Or at least, I think that’s what Season 2 is going for. With only three episodes provided for review, it’s impossible to say for sure—not least because the McCraney’s storytelling, which was already inclined towards languidity in Season 1, is doubly so this time around, divided as the narrative is between David’s present (as Patterson) and his past (as McDowell). Moreover, there’s the fact that the series’ signature special effects—the dreamy, magical realist touches that brought to life David and Seren’s (Nathaniel Logan McIntyre) silent best friend fight in the pilot, and David and Sky’s lip sync performance of New Edition’s “If It Isn’t Love” in Episode 5 (“Love or Poetize These Hoes)—weren’t finalized before the three episodes that were provided for review were sent out. It was legible enough where those effects will eventually show up (and in terms of Season 1 parallels, it seems like there’s likely to be another silent conversation between David and his niece in a tense moment towards the end of the first episode), but as it stands, it’s equally impossible for me to interpret the extent to which those fantastical visual flourishes will enrich this newest season.
That said, the series made so many smart, careful decisions in its first season that it earned an enormous amount of goodwill; with McCraney back behind the script and Dee Harris-Lawrence back in the showrunner’s seat, I have little doubt it will prove itself all over again. If anything were to give me pause, it would be the fact that, in jumping half the story forward, Akili McDowell’s presence this season will be necessarily diminished—Season 1 was always going to be good, whoever landed the lead role, but it’s undeniable that McDowell getting that gig is what made it great; that Season 2 will feature so much less of him is a true bummer. Still, Patterson is so astonishingly good at channeling the specific energy, tics, and speech patterns McDowell spent Season 1 developing for David—as are Arlen Escarpeta as Adult JG (originated by Cayden K. Williams) and Erica Luttrell as Adult Marissa (originated by Lindsey Blackwell)—that I’m willing to be convinced.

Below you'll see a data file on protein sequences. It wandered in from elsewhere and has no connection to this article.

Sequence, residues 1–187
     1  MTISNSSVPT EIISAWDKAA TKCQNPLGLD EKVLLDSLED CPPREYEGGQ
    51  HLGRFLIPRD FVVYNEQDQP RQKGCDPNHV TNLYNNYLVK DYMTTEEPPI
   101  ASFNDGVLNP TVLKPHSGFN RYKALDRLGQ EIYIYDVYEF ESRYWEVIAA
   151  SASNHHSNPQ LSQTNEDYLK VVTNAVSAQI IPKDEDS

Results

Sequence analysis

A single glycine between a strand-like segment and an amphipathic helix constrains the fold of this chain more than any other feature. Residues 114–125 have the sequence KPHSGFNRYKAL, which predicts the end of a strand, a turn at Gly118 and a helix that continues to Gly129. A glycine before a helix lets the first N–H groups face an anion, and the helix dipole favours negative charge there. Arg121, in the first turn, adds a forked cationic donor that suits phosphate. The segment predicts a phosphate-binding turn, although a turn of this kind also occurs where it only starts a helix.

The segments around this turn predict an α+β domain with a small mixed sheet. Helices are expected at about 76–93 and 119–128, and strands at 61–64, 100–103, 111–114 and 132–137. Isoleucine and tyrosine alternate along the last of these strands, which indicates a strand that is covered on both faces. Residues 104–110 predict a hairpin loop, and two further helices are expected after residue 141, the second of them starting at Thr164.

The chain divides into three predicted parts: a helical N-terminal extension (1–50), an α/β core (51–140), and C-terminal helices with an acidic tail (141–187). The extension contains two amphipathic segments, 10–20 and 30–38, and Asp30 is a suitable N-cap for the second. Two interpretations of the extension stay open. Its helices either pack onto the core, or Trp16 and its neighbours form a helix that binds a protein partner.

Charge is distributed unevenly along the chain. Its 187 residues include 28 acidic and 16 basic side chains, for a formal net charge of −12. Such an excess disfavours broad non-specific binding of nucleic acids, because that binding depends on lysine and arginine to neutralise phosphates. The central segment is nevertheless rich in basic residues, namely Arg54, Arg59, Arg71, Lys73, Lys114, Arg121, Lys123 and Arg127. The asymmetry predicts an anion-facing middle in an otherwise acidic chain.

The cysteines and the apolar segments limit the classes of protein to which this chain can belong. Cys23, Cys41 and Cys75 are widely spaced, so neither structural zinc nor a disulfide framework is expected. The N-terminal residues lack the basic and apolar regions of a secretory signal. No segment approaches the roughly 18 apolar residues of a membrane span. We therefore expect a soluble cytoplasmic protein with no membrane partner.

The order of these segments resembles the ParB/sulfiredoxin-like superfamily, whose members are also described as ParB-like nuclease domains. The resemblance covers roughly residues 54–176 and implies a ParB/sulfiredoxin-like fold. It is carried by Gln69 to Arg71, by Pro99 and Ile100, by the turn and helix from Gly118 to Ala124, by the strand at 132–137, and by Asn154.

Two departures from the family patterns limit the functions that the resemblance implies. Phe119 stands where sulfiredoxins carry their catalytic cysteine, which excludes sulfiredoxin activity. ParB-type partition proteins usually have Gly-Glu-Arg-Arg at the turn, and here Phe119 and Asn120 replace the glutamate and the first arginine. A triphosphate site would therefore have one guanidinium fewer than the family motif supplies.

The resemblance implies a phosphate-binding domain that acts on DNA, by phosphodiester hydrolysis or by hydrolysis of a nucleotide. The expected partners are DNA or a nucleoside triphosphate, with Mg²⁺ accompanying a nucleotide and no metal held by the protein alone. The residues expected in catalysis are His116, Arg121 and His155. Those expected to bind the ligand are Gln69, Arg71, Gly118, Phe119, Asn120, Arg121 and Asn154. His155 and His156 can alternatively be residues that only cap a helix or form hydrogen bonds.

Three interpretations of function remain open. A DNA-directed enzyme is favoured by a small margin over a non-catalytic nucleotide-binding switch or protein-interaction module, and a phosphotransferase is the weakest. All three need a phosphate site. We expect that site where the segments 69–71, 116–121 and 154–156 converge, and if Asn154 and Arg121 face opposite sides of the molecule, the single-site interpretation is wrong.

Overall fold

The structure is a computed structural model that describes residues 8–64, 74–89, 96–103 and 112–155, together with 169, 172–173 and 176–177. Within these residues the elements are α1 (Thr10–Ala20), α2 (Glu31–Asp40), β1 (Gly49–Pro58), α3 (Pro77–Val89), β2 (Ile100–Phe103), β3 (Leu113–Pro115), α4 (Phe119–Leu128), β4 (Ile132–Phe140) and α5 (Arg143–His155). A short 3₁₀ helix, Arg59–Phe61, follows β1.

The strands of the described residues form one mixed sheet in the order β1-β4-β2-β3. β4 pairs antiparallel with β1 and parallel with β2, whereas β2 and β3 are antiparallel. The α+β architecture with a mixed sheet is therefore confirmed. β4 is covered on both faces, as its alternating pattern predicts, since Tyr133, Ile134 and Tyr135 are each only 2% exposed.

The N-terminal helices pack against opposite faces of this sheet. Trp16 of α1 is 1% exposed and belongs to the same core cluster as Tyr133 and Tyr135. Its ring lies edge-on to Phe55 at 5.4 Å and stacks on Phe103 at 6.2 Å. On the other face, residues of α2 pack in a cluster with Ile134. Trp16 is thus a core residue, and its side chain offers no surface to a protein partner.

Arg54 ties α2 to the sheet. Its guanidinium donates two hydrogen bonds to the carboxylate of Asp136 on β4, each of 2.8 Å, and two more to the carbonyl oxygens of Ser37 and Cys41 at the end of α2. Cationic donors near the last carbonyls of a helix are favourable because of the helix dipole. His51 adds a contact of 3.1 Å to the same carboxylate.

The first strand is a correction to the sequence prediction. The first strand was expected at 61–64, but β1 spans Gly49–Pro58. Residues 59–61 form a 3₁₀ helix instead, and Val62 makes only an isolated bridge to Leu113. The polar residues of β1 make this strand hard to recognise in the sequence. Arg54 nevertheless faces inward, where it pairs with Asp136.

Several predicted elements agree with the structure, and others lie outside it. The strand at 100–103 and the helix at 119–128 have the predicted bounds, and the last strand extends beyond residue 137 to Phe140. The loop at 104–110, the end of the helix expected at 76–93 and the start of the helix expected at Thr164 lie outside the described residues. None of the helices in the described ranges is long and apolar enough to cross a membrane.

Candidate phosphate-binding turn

If you were a fan of David Makes Man when it first premiered, I hope you’re willing to be convinced, too. And if you’ve yet to give the series a chance at all? Well, HBO Max has your back for Season 1. And I promise—even if you won’t get to watch Season 2 until it hits the streamer in 2022 or whatever, the first season packs a satisfying wallop, and absolutely works as a standalone binge. Just, you know, be ready to cry.
The second season of David Makes Man premieres Tuesday, June 22 at 9 p.m. on OWN. Season 1 is currently streaming on HBO Max.
Alexis Gunderson is a TV critic and audiobibliophile. She can be found @AlexisKG.